The Confusing history of cryptocurrency
In 2017, two of the four co-founders of BVNK, Jesse Hemson-Struthers and Donald Jackson founded a cross-border payments company called Coindirect in Cape Town.
The project was focused on emerging markets: customers could bypass the global Swift system by transferring funds to stablecoins — cryptocurrencies tied to fiat currencies like the dollar — and then transferring them to euros or British pounds.
Davis says the project was profitable, and in January of this year his co-founders teamed up with BVNK.
However, there is no data on the merger in the register of British legal entities. Davis explained this by saying that the procedure was rather a rebranding.
Both Hemson-Struthers and Jackson left senior positions at Coindirect in August 2021.
It was a week after BVNK was registered, two months before, according to Davis, BVNK was launched, and four months before, according to Davis, the “rebranding” took place.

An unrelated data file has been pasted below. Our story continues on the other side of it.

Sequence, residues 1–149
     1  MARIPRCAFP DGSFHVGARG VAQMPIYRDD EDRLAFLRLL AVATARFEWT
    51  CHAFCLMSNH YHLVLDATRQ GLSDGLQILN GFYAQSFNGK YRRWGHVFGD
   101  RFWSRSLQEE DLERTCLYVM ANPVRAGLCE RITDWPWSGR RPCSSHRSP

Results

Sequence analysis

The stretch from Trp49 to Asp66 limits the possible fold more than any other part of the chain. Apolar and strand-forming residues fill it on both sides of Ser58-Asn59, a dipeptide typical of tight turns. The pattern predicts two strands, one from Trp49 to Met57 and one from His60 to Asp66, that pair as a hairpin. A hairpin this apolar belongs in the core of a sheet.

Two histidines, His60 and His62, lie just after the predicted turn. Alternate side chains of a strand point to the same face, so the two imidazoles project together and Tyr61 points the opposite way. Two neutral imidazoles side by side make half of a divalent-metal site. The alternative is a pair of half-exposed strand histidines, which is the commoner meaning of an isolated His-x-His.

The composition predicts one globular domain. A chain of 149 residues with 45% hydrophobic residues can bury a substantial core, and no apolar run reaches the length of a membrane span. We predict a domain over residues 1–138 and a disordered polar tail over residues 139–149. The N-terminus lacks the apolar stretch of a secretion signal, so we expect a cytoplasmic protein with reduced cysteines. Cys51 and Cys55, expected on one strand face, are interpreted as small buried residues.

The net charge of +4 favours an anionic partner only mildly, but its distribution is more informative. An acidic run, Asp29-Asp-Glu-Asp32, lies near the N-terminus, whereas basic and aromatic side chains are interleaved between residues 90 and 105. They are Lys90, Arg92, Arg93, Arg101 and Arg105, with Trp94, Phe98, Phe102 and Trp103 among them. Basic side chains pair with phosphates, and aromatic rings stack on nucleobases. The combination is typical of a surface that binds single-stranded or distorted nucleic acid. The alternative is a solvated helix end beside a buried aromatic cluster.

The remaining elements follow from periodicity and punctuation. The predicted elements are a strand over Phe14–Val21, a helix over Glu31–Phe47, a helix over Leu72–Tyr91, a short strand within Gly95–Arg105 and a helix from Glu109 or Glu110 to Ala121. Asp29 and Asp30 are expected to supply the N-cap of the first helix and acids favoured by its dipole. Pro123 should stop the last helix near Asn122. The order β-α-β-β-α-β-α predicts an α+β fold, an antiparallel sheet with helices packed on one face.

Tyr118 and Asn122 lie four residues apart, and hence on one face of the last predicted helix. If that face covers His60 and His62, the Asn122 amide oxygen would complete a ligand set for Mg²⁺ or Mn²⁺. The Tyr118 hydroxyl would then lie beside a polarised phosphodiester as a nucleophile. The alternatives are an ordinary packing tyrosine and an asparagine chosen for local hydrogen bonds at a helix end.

The profitability of Coindirect and the company’s global customer base may partially explain how, just a couple of months later, BVNK’s co-founders were able to convince Tiger Global to invest $20 million (half of the $40 million received at the end of the Series A round).
The founders of BVNK own 60% of the company, and if we accept the post-investment assessment after receiving the money and the amount of Tiger investments, we can assume that the American venture fund owns a stake of about 17%.
Although BVNK is headquartered in London with about 40 employees, the takeover of Coindirect means that most of its staff — about 70 people — are located in Cape Town. According to Davis, it is this presence in emerging markets that is the company’s unique trading advantage.
Thanks to Coindirect, he notes, the company understands how to transfer money from emerging markets to more mature ones, using cryptocurrency for this.
“Most of the time we grew based on consumer demand. Our clients don’t really want to use multiple partners around the world — they want to come to one place with global access.
Just as Revolut is growing very aggressively around the world because it’s important for them to have access everywhere, the same is true for us. We want parity in all our European, African and Asian businesses,” Davis comments.